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Unbound DNS not serving reverse lookup for internal addresses
Monday - Mar 20th 2017 - by - (0 comments)

If you've read some recent posts (Get Unbound DNS lookups working in Ubuntu 16.04 Xenial, understand SERVFAIL and Unbound DNS server behind a VIP - solving reply from unexpected source) you know that I've set up a high available Unbound DNS resolver/cacher for internal networks.

But just a few days before rolling out definitively for all internal servers a problem came across: The reverse DNS lookups didn't work.

With the Unbound DNS resolver defined as nameserver in /etc/resolv.conf:

$ host 192.168.253.153
Host 153.253.168.192.in-addr.arpa. not found: 3(NXDOMAIN)

$ host 10.161.206.153
Host 153.206.161.10.in-addr.arpa. not found: 3(NXDOMAIN)

The same command and the reverse lookup worked fine in a server still using the old standalone DNS servers. But why?

It's because of this, as found in the official documentation of unbound.conf:

The default zones are localhost, reverse 127.0.0.1 and ::1,  the  onion and  the AS112 zones. The AS112 zones are reverse DNS zones for private use and reserved IP addresses for which the  servers  on  the  internet cannot  provide correct answers. They are configured by default to give nxdomain (no reverse information) answers. The defaults can  be  turned off by specifying your own local-zone of that name, or using the 'nodefault' type.

So here we got the explanation. Unbound is by default configured to serve NXDOMAIN instead of serving the reserve dns information.

In order to change that behaviour, the internal IP addresses (see RFC1918), need to be defined in unbound.conf as local-zones in the server: section:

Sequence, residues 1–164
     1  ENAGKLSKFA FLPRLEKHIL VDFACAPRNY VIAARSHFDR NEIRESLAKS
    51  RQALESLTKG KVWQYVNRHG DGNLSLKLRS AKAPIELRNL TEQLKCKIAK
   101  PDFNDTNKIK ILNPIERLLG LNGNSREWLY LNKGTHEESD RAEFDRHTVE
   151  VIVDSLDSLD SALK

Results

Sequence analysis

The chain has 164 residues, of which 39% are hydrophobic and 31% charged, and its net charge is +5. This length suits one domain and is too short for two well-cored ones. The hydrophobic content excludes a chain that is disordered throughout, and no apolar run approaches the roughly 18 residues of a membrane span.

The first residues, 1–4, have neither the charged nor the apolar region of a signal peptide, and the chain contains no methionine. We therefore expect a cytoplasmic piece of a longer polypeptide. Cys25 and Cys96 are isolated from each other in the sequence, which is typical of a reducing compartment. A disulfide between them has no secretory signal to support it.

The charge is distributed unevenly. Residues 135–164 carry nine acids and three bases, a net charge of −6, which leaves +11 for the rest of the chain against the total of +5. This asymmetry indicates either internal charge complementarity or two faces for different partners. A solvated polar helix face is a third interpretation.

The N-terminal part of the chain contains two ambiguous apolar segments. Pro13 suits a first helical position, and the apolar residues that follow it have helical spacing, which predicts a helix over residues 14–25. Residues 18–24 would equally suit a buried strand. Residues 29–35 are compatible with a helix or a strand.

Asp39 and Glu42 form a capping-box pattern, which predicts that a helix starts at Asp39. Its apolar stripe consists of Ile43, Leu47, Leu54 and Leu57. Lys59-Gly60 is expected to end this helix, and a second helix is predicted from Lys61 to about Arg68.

server:
        interface: 0.0.0.0
        interface-automatic: yes
        access-control: 10.0.0.0/16 allow
        access-control: 127.0.0.0/8 allow
        access-control: 172.16.0.0/12 allow
        access-control: 192.168.0.0/16 allow
        verbosity: 1
        domain-insecure: *
        root-hints: /var/lib/unbound/root.hints
        local-zone: "10.in-addr.arpa." nodefault
        local-zone: "16.172.in-addr.arpa." nodefault
        local-zone: "17.172.in-addr.arpa." nodefault
        local-zone: "18.172.in-addr.arpa." nodefault
        local-zone: "19.172.in-addr.arpa." nodefault
        local-zone: "20.172.in-addr.arpa." nodefault
        local-zone: "21.172.in-addr.arpa." nodefault
        local-zone: "22.172.in-addr.arpa." nodefault
        local-zone: "23.172.in-addr.arpa." nodefault
        local-zone: "24.172.in-addr.arpa." nodefault
        local-zone: "25.172.in-addr.arpa." nodefault
        local-zone: "26.172.in-addr.arpa." nodefault
        local-zone: "27.172.in-addr.arpa." nodefault
        local-zone: "28.172.in-addr.arpa." nodefault
        local-zone: "29.172.in-addr.arpa." nodefault
        local-zone: "30.172.in-addr.arpa." nodefault
        local-zone: "31.172.in-addr.arpa." nodefault
        local-zone: "168.192.in-addr.arpa." nodefault

forward-zone:
      name: "."
      forward-addr: domaincontroller1.example.com
      forward-addr: domaincontroller2.example.com
      forward-addr: domaincontroller3.example.com
      #forward-addr: 8.8.4.4        # Google
      #forward-addr: 8.8.8.8        # Google

Now that the RFC1918 networks are defined as local zones (and Unbound was restarted) I checked the reverse DNS lookup again on the same host using Unbound as DNS resolver:

$ host 192.168.253.153
153.253.168.192.in-addr.arpa domain name pointer olymp.localdomain.local.

$ host 10.161.206.153
153.253.168.192.in-addr.arpa domain name pointer domaincontroller1.example.com.


 

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